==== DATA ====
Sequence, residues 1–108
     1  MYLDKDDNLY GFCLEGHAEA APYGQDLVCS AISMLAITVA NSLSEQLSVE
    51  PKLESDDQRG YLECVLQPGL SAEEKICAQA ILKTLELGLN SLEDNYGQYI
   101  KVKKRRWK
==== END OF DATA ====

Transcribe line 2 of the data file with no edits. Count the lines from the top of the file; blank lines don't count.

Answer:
     1  MYLDKDDNLY GFCLEGHAEA APYGQDLVCS AISMLAITVA NSLSEQLSVE